1525 Bernice Street
Wed-Sat 9:00 AM - 5:00 PM
Sun 9:00 AM - 5:00 PM
Mon 9:00 AM - 5:00 PM
The history of the Bishop Museum is exotic, royal, unique, and is reflected in the form it takes today. Originally conceived by Princess Bernice Pauahi Bishop, this Hawaiian noblewoman was the last descendant of the royal Kamehameha line. Though she died before construction began, her husband, Charles Reed Bishop founded the museum in 1889 in accordance with her will. Intended to preserve and record the vanishing culture of the native Hawaiian people and as a repository for the royal family heirlooms; the museum has grown and expanded to become a world leader in Pacific cultural and natural history.
Any visit to the museum is going to be a compromise. There is simply too much to see, explore, or enjoy in one day. A gentle overview of the grounds and buildings with possibly a planetarium show would be a good beginning. Behind the modern entrance, the older buildings surrounded by beautifully maintained landscape give the impression, appropriately, of the setting of a royal mansion. One of the highlights of a visit is the great Hawaiian Hall. Outside the massive 1890’s building, the dark lava stone gives a solid and forceful appearance. Stepping inside, the interior expands unexpectedly three full stories into an atrium with a sperm whale suspended above your head. Lining the walls are balconies providing close and personal examination of case after case of fascinating items. Within the hall, you’ll find royal capes of gold and red made not from metal but from hundreds of thousands of tiny nearly iridescent bird feathers. There are finely braided necklaces made of human hair which only the highest rankings of royalty were allowed to wear. Everyday objects are well represented as well, poi-pounders, spears, fishing lures, and even an entire grass hut. Much of the holdings are native Hawaiian but in the adjacent Polynesian Hall; weapons, tools, and other artifacts from distant Pacific islands are included. The natural world is excitingly displayed in the Science Adventure Center. Interactive exhibits illustrate natural processes of the Pacific including a model of an erupting volcano and the formation of ocean waves.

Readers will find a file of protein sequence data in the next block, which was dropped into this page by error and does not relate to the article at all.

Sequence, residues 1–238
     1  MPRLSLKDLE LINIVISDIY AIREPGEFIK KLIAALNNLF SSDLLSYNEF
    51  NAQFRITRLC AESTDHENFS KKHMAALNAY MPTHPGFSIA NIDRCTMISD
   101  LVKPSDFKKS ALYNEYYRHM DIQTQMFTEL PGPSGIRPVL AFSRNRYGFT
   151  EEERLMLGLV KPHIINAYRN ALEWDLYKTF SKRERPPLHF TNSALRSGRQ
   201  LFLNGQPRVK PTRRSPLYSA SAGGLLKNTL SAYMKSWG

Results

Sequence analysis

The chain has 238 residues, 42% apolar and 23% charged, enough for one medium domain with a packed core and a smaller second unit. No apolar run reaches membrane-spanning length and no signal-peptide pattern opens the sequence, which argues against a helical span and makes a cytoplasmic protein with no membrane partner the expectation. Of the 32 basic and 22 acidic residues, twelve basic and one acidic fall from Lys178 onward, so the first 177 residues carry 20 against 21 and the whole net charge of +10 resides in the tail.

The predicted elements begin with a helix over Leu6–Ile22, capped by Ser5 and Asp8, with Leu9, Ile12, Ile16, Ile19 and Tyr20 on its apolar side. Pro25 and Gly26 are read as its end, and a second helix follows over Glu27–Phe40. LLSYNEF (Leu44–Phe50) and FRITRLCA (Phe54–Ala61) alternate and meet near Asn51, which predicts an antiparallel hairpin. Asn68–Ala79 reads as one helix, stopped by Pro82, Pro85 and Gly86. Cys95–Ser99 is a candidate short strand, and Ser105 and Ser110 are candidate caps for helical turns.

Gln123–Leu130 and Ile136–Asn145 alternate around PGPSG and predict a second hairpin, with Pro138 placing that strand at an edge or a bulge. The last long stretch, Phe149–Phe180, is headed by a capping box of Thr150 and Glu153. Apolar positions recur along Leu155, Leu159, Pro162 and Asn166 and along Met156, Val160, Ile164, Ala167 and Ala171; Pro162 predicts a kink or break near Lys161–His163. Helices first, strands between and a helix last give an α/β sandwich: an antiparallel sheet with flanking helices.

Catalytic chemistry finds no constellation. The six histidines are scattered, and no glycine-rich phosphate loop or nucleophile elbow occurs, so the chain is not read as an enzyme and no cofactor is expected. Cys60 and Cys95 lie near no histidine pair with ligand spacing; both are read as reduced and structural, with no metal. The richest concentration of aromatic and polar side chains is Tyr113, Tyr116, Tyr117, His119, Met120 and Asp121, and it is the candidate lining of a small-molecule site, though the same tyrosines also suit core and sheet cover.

The importance of the natural world of the past, present, and possible futures are one of the main concerns of staff scientist, archeologists, and ethnologists. The Bishop Museum has cataloged thousands of species of plants and animals, many unknown to science beforehand and some now extinct. The museum also oversees closed field research sites and publicly accessible locations throughout the Hawaiian Islands including the Amy Greenwell Ethnobotanical Garden in Kona, and the Hawaii Maritime Center at Honolulu Harbor.
Along with changing Planetarium shows, there are special presentations throughout the year including Hawaiian dance performances, garden tours, seminars, talks, and workshops. The gift shop, Shop Pacific, offers unique crafts representing historical and cultural artifacts. There are also plenty of educational and better quality souvenir items. Especially interesting are the 100’s of publications offered by the Bishop Museum Press. It’s Hawaii’s oldest book publisher and has a long history of scholarly publication.
So whether you just drop by for a pleasant look around, or plan a detailed and focused visit, any day that you spend at the Bishop Museum will be rewarding and will most likely make you eager to return again soon.
In Honolulu, on Highway H-1 take exit 20A; turn or merge onto HI-63 The Likelike Hwy going uphill (northeast). Almost immediately, turn right onto Bernice St. There is free parking in the museum lot.
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